During my final year as a vegetarian, a friend of mine showed me this chart indicating the parent corporations of national organic brands (the original author has since updated his research here). Learning about these corporate connections was one of my final breaking points; it helped me understand that the food industry was so much more complicated than I’d thought. I couldn’t just assume that, by virtue of being vegetarian, I was boycotting the corporations that participated in harmful, pollutive, or exploitive agricultural practices.
Deciding to start eating meat again was, for me, a way of beginning to make more mindful, deliberate choices about the models of food production and distribution I was supporting. In short, I decided to vote with my food dollars for larger change.
I quickly discovered that navigating the world of sustainable food shopping wasn’t going to be much simpler. I didn’t know the difference between free-range and cage-free eggs. I didn’t know enough about the different certifying agencies to recognize the labels and seals I could trust to line up with my values. Moreover, I discovered that my local co-op grocery still sold some of those corporate organic brands, so I couldn’t just assume that the store where I shopped was culling the products that didn’t cut it in my book.
But beyond that, as I continued to research the food industry while beginning to buy meat again, I discovered just how many issues there were that no label was going to cover. There is not yet a fully transparent label for fair labor standards. Plenty of livestock corporations have figured out clever phrases that make their products sound antibiotic-free without actually requiring any certification, like “natural,” or “antibiotic-free”. Beyond that, I learned the complications behind the labels, like the fact that certified organic produce can still be grown under extensive pesticide use.
In addition to having to become a much more savvy shopper, I realized, there were issues endemic to the food industry that I couldn’t change on my own, with a simple trip to the grocery store.
I’ve become overwhelmed by these issues regularly, probably at least two or three times a year since I started researching them. There are so many questions: which foods are the best choice for the environment, for the local economy, for a sustainable future, for the animals being raised, for the workers participating in harvest and slaughter? And there are new concerns cropping up, or becoming increasingly significant, all the time. It’s easy to feel helpless, in the grocery aisles and on a larger scale, when it comes to the flaws in our industrial, American—and global—food system.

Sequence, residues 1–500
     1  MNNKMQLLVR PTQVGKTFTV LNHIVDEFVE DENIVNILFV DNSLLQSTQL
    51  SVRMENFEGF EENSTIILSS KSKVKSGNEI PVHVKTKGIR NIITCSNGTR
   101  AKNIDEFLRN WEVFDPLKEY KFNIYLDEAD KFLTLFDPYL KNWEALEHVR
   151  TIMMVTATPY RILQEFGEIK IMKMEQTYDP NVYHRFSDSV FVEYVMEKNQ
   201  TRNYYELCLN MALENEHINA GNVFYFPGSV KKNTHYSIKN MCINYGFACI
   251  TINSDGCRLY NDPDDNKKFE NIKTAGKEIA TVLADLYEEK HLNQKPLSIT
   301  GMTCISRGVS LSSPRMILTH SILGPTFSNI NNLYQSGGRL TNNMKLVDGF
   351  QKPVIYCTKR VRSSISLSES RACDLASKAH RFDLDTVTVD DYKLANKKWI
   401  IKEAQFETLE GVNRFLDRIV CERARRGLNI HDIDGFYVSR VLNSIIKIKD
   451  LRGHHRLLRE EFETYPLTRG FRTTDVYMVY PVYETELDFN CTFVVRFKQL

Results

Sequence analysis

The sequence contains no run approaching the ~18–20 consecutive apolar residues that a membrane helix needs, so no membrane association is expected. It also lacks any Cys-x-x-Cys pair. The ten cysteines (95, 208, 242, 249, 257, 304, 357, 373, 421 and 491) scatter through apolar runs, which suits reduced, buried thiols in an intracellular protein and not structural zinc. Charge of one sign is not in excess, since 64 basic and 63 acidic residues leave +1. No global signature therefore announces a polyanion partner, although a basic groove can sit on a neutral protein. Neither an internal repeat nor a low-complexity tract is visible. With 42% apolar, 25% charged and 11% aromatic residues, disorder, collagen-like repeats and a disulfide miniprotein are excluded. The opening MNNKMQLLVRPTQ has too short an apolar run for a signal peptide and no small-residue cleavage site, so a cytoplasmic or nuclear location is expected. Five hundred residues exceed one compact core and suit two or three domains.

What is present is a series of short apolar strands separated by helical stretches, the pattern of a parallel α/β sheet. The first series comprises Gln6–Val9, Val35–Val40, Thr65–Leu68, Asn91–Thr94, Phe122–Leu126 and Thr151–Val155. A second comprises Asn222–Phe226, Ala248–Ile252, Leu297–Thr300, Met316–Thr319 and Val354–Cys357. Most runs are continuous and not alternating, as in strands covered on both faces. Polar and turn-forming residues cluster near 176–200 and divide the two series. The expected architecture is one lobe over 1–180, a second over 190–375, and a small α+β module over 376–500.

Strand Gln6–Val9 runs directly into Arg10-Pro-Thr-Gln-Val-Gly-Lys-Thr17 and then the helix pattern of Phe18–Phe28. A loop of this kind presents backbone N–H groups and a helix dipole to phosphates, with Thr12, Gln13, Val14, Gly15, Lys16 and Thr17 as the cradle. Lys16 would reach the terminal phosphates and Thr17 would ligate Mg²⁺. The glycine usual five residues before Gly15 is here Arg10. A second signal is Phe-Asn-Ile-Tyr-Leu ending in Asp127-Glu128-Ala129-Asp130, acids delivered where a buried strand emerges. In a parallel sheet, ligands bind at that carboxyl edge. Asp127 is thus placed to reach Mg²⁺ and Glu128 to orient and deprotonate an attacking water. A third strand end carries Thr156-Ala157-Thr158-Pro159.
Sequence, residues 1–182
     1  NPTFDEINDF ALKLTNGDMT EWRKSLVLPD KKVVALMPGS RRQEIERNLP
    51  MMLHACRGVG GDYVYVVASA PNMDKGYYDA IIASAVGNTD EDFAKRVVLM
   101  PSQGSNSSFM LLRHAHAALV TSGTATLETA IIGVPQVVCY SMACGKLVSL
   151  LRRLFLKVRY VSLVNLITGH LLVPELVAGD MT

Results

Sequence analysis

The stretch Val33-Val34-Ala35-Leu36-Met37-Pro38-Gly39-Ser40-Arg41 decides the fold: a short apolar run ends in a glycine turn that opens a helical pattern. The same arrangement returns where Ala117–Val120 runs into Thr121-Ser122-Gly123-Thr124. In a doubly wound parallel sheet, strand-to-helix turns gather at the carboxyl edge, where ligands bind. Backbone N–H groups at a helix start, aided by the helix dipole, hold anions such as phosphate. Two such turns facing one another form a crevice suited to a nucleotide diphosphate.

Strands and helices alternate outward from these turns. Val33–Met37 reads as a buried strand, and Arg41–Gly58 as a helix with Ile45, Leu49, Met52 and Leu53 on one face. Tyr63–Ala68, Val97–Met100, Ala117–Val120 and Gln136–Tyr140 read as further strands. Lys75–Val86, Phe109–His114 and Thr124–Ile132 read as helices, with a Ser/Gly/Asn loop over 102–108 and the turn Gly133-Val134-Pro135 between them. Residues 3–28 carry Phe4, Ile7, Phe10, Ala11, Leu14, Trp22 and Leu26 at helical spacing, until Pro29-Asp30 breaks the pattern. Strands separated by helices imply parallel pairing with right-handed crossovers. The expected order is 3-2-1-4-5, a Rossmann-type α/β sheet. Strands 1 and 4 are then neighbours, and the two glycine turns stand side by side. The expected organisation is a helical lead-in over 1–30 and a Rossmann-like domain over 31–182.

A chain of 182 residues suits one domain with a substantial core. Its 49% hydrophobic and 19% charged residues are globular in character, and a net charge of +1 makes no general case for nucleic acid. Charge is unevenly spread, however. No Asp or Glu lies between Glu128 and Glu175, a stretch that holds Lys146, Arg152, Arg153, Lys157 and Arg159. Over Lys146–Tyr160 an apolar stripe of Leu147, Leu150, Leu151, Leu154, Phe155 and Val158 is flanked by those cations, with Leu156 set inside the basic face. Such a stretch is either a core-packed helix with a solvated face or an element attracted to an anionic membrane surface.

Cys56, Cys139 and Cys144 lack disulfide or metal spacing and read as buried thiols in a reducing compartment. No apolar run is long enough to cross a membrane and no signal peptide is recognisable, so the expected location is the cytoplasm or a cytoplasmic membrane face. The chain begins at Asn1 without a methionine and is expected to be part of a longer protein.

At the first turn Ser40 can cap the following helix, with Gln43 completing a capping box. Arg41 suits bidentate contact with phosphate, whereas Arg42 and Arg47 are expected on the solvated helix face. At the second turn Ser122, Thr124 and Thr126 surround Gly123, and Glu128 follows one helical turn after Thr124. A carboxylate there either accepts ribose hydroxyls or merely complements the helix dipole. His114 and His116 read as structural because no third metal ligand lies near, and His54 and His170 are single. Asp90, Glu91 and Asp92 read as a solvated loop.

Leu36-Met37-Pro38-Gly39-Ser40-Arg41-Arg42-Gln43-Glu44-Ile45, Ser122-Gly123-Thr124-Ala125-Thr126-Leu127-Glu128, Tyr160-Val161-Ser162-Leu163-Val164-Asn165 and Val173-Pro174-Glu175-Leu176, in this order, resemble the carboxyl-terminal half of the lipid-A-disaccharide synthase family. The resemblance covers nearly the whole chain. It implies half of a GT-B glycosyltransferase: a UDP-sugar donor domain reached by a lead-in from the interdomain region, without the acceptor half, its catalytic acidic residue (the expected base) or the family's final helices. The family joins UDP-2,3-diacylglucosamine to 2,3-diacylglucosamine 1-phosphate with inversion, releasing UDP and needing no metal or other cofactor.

Then, and now, I periodically want to throw my hands up and forget. I just want to eat. I don’t want it to be so hard.
Whenever I start to feel this way, I try to channel my frustration outward. I want to work to make the system better, rather than berate myself for not being a perfect consumer. Over time, I’ve found a few actions that help me feel less helpless, both in terms of how I shop for food, and how I try to impact the food system at large.
Pick local, both in terms of what food you buy and from where you buy it. Local food became trendy because it was touted as having a lower environmental impact, and though that difference may be minimal, it’s not the only reason I prefer to buy as close to home as possible. Of course, buying local supports the local economy, and puts you more directly in touch with your community. But local often translates into transparent: when you pick local, you can usually see the food at its source, and this will help you feel assured that it’s the right choice for you. The same goes for patronizing farmer’s markets, farm stands, and locally-owned grocers: make friends with the owners and you get the real story about how and where the food comes from. You can cut through the tangle of labels and go with your gut in terms of what feels ethically sound.